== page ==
Each tape format has a specified track layout. That layout defines where on the tape the various information should reside. Typically this will be audio tracks, video tracks (sometime multiple if a component format), LTC (longitudinal timecode), control track (used to ensure correct alignment of the spinning heads to the tape. Even on digital formats these often reside in specific different parts of the tape to allow edit replacement of one or all as required. Most broadcast/commercial tape formats will have a number of static heads and spinning heads inside the VTR to achieve playback of the various tracks from the tape.

There are, of course, a few other practical considerations with cassette based formats. We need to move the tape from one spool to the other during playback (supply spool to take-up spool). That requires the VTR to move the tape and regulate that speed during playback. We need to detect the beginning and end of the tape so we don't tear it off the spool in rewind or fast forward and we need to ensure the tape has just the right resistance as it moves from spool to spool. This is the tension in the tape; too much and risk damaging the tape and the heads in the machine. Not enough tension and the tape may not make the correct contact with the playback heads or follow the tape path correctly and become damaged.

In the next addition we'll be looking at how tape ages and the issues that represents and some of the solutions.

Article by Pat Horridge at VET Training.


Top Related Stories
Click here for the latest broadcast news stories.

Bridge Technologies' VB440 Probe Can Now Generate Up To 64 Channels Of Audio Signal
Building upon the existing signal generation function which was added to Bridge Technologies' VB440 probe in 2022, the company has announced that the
Broadcasters & Post Production Facilities Digitising Legacy Tape Formats: Pt 4
The fourth in a series of articles by Pat Horridge of VET Training covering the issues facing broadcasters & post houses needing to digitise legacy ta
Palmer Digital Group Wins Additional Digital Menu Board Business
Palmer Digital Group has won additional digital menu board business with iconic ice cream shop Rainbow Cone, a Chicagoland institution since 1926. Fol
Digital Alert Systems Announces Availability Of Update Of FEMA Digital Certificates
Digital Alert Systems has announced the availability of a necessary update of Federal Emergency Management Agency (FEMA) digital certificates used to
Palmer Digital Group Unveils New Line Of On-Wall Outdoor Digital Menu Boards
Palmer Digital Group has announced a new line of on-wall outdoor digital menu boards for the restaurant industry. The new series targets QSRs and fast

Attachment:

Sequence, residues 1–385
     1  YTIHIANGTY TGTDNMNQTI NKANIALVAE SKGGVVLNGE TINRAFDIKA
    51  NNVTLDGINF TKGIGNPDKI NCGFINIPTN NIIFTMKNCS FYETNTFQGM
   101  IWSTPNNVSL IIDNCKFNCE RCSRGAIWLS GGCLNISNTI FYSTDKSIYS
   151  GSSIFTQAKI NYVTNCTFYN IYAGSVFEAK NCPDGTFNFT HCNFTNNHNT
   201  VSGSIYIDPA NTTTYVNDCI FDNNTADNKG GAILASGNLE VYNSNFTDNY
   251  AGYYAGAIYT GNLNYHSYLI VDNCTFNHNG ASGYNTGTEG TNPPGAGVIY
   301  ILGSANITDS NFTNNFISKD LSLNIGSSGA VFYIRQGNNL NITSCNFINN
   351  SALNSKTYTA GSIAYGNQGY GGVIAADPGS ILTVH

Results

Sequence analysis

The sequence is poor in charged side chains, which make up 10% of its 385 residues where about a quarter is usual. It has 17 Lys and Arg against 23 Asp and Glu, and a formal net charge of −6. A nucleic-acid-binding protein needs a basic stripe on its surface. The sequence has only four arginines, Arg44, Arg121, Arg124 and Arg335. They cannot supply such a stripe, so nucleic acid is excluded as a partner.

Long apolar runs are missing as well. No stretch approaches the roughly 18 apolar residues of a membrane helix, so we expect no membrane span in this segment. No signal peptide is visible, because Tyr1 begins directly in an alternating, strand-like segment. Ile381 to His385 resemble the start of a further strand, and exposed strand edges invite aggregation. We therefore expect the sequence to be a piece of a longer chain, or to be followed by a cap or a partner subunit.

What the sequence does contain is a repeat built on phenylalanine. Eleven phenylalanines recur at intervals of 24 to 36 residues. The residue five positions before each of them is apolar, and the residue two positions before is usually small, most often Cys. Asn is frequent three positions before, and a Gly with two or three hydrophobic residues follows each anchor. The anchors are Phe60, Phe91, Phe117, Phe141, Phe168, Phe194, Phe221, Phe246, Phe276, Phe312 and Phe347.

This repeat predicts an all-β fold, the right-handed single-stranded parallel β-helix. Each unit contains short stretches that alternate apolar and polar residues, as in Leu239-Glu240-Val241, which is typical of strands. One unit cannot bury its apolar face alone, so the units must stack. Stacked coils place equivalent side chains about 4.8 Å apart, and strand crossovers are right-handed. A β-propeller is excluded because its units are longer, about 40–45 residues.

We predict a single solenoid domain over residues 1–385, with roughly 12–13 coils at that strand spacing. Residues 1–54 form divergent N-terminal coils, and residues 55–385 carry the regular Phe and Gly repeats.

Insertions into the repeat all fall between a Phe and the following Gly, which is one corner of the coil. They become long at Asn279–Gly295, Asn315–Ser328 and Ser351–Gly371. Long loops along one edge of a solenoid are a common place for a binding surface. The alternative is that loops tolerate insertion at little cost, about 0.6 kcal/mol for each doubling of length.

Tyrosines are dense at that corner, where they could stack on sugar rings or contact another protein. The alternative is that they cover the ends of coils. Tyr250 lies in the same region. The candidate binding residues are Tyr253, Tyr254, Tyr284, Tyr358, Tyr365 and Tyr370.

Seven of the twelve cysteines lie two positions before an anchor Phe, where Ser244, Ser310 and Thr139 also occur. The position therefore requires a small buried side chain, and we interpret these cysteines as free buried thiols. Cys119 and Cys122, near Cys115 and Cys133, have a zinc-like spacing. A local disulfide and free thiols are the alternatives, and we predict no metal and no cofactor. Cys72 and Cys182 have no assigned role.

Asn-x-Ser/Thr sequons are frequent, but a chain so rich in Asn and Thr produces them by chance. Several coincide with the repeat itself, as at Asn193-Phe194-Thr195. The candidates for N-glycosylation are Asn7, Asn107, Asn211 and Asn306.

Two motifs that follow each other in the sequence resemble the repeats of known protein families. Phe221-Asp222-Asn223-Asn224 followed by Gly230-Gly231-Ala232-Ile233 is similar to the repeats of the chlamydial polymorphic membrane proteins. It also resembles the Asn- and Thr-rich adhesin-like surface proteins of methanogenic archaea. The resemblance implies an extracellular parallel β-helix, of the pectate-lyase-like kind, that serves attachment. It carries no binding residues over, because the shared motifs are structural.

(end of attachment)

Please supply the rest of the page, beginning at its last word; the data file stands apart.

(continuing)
Broadcasters & Post Production Facilities Digitising Legacy Tape Formats: Pt 3
Broadcasters & Post Production Facilities Digitising Legacy Tape Formats The third in a series of articles by Pat Horridge of VET Training covering th
SFL Appoints Origiins Digital As Its Digital Partner
Origins Digital has been chosen by the Swiss Football League (SFL) as its digital partner for two projects aimed at advancing the SFL's online ecosyst
Visix Adds Digital Designs To Its epaper Product Line
Visix has added digital desk signs to its epaper line of products to further support hybrid workplaces. The new EPS 42 epaper desk sign is small, ligh
Slate Digital Unveils Infinity Bass
Slate Digital has unveiled Infinity Bass, the latest addition to its All Access Pass subscription service. Infinity Bass is a new bass enhancer plugin
Avid To Demonstrate Digital Nirvana's MetadataIQ Metadata Automation Tool
Digital Nirvana has announced that during IBC2023, Avid® will demonstrate Digital Nirvana's MetadataIQ metadata automation tool for news, sports, and
Colore Digital Invests In Leader Test Instruments
Colore Digital Imaging has selected Leader test instruments as their master reference tools. The company has invested in a Leader LV5350 ZEN Series 12
Palmer Digital Group Offers Optional Speaker-Microphone Enclosures
Palmer Digital Group now offers optional speaker-microphone enclosures for its entire range of outdoor digital menu board systems, covering single, do
Blu Digital Group Opens New Facility In Barcelona
Blu Digital Group has announced its latest milestone in its European expansion – the inauguration of a facility in Barcelona, Spain. Nestled amidst th
Slate Digital Releases Transient Shaper
Slate Digital has released Transient Shaper, the most recent addition to its Virtual Mix Rack audio plugin. Transient Shaper is a versatile sound-shap
RTS Unveils DSPK-4 Digital Speaker Station
RTS has announced the global introduction of the DSPK-4 Digital Speaker Station – the latest addition to the brand's breakthrough RTS Digital Partylin